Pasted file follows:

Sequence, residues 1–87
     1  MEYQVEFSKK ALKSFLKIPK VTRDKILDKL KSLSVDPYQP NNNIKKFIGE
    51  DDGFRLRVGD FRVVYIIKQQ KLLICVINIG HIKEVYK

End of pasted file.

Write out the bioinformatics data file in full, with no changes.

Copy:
Sequence, residues 1–87
     1  MEYQVEFSKK ALKSFLKIPK VTRDKILDKL KSLSVDPYQP NNNIKKFIGE
    51  DDGFRLRVGD FRVVYIIKQQ KLLICVINIG HIKEVYK